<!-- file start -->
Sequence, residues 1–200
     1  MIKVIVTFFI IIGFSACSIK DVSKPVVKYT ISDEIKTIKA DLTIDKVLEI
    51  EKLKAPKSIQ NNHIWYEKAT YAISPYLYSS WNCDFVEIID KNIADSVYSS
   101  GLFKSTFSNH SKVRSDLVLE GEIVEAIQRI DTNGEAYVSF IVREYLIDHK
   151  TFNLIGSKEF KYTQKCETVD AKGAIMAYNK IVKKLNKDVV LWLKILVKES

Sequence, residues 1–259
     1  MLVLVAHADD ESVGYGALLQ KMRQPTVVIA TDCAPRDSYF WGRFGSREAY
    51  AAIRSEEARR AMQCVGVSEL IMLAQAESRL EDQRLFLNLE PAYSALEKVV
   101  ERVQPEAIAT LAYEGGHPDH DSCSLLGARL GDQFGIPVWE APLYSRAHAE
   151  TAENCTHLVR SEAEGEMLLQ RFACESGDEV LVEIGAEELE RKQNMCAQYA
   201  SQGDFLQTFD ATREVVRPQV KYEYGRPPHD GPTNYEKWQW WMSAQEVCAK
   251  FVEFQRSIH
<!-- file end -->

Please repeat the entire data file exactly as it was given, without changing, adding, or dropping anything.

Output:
Sequence, residues 1–200
     1  MIKVIVTFFI IIGFSACSIK DVSKPVVKYT ISDEIKTIKA DLTIDKVLEI
    51  EKLKAPKSIQ NNHIWYEKAT YAISPYLYSS WNCDFVEIID KNIADSVYSS
   101  GLFKSTFSNH SKVRSDLVLE GEIVEAIQRI DTNGEAYVSF IVREYLIDHK
   151  TFNLIGSKEF KYTQKCETVD AKGAIMAYNK IVKKLNKDVV LWLKILVKES

Sequence, residues 1–259
     1  MLVLVAHADD ESVGYGALLQ KMRQPTVVIA TDCAPRDSYF WGRFGSREAY
    51  AAIRSEEARR AMQCVGVSEL IMLAQAESRL EDQRLFLNLE PAYSALEKVV
   101  ERVQPEAIAT LAYEGGHPDH DSCSLLGARL GDQFGIPVWE APLYSRAHAE
   151  TAENCTHLVR SEAEGEMLLQ RFACESGDEV LVEIGAEELE RKQNMCAQYA
   201  SQGDFLQTFD ATREVVRPQV KYEYGRPPHD GPTNYEKWQW WMSAQEVCAK
   251  FVEFQRSIH